In a year when Kansas is struggling to find money to keep schools open and potholes paved, who would have expected the introduction of a bill to phase out Kansas onerous sales tax on food.

Surprise, that’s exactly what’s being discussed in the Legislature. Kansas lawmakers are considering a couple of proposals to gradually eliminate the state;s sales tax on groceries and even more surprising the proposals have the potential of making their way to the floor for a vote.

Kansas is one of only seven states that charge a sales tax on food. Groceries are exempt from state sales taxes in 32 states, while six states charge a reduced state sales tax for groceries. Five states don’t have sales tax. 

If you’ve ever taken a college economics class you know that sales tax is considered a regressive tax, which means it hurts the poor the hardest. Since the poor spend a larger percentage of their income on food, the sales tax on food significantly increases their overall rate of tax in proportion to their income.

A recent study by Wichita State University’s Hugo Wall School confirmed this fact: the less income a family makes, the higher the percent of their income they pay in taxes.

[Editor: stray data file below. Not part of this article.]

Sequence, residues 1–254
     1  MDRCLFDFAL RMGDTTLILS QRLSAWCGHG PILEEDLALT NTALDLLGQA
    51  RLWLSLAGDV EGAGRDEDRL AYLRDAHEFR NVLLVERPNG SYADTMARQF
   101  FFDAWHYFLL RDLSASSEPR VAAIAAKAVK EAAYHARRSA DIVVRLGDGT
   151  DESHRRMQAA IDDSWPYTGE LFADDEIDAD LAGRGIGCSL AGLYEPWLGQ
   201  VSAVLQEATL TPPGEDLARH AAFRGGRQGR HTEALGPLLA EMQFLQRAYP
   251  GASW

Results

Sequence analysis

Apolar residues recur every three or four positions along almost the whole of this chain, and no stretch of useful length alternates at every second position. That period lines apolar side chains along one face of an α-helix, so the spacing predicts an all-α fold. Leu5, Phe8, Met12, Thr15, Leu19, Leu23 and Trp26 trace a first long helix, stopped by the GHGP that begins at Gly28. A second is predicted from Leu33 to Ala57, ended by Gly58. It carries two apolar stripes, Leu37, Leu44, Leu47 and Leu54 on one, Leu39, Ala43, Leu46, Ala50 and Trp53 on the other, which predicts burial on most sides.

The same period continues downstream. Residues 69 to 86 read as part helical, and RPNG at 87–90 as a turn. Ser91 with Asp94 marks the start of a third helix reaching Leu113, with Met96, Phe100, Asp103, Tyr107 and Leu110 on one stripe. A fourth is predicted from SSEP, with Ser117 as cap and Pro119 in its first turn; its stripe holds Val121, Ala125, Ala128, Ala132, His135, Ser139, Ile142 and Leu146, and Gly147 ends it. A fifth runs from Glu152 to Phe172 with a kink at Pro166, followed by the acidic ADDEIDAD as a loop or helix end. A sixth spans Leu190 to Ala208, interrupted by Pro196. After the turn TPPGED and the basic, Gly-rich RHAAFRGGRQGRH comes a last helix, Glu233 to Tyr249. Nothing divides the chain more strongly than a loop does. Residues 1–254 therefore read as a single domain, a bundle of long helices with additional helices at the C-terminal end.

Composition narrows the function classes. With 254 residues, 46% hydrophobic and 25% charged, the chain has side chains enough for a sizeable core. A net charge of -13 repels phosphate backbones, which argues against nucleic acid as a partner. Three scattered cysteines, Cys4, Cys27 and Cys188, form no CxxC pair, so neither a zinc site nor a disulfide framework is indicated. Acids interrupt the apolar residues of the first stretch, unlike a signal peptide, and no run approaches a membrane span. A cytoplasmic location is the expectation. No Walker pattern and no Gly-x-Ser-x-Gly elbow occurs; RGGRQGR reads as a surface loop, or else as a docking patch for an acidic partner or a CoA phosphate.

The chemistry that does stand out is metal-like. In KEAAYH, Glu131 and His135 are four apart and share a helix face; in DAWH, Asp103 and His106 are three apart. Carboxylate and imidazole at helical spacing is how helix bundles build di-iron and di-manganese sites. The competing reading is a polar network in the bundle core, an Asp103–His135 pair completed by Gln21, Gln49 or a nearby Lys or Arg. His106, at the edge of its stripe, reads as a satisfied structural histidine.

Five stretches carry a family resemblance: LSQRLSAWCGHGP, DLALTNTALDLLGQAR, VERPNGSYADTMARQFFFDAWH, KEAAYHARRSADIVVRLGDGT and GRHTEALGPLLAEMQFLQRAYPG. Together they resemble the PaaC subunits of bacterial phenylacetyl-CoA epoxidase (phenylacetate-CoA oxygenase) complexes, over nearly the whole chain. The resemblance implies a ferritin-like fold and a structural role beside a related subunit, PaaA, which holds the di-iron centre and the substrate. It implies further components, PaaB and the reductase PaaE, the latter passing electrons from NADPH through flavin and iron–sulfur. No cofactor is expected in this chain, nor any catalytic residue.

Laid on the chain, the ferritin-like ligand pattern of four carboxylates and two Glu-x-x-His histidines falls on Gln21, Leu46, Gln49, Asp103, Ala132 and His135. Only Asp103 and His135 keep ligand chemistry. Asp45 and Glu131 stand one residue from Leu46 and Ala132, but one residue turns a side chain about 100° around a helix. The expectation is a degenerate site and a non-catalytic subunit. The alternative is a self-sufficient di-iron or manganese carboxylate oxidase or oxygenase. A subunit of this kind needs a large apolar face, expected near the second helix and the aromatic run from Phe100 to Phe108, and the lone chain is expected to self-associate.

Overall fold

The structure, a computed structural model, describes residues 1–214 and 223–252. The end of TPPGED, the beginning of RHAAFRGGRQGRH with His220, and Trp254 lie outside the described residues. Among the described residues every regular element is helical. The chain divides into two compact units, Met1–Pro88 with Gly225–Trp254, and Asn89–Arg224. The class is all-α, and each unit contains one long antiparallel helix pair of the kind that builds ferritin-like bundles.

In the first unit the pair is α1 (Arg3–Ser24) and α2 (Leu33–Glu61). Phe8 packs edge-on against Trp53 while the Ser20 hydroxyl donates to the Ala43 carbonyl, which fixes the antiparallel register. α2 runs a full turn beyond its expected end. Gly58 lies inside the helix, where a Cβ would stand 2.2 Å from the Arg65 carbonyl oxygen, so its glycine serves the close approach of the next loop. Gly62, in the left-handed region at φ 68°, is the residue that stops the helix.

For example, a family of three living in a metropolitan area with an income greater than $150,000 a year spends under 0.2% of their household income on grocery taxes. For a family with an income of less than $10,000, the tax burden climbs to 5% of household income, the study found.

Opponents say sales taxes, if used at all, should be levied on non essential items, but never on something as essential to life as food. That’s the premise most states have used to justify not applying sales tax on food.

Currently, there are two proposals to reduce sales tax circulating in the legislature. One would phase out sales tax by statute, a change voted on by the legislature. The other plan is a proposed constitutional amendment that would put the concept of phasing out sales tax to a vote of the people, possibly during November’s election. 

The constitutional amendment, as currently being considered in the Kansas Senate, would reduce the current 6.5% sales tax to 4% starting in July 2017, to 2% in 2018 and exempt grocery from sales tax beginning in July 2019. This proposal was sponsored by a bi-partisan group of 11 Senators.

The proposed statute change was introduced in the Kansas House by Rep. Mark Hutton, a Wichita Republican. It would drop the sales tax on groceries to 2.6% while ending the income tax exemption on some 330,000 businesses. That bill is expected to get a hearing in the House Taxation Committee.

Stay tuned, it appears reduction in sales tax may get some traction this year, especially since every member of both the Kansas House and Senate are up for election. 

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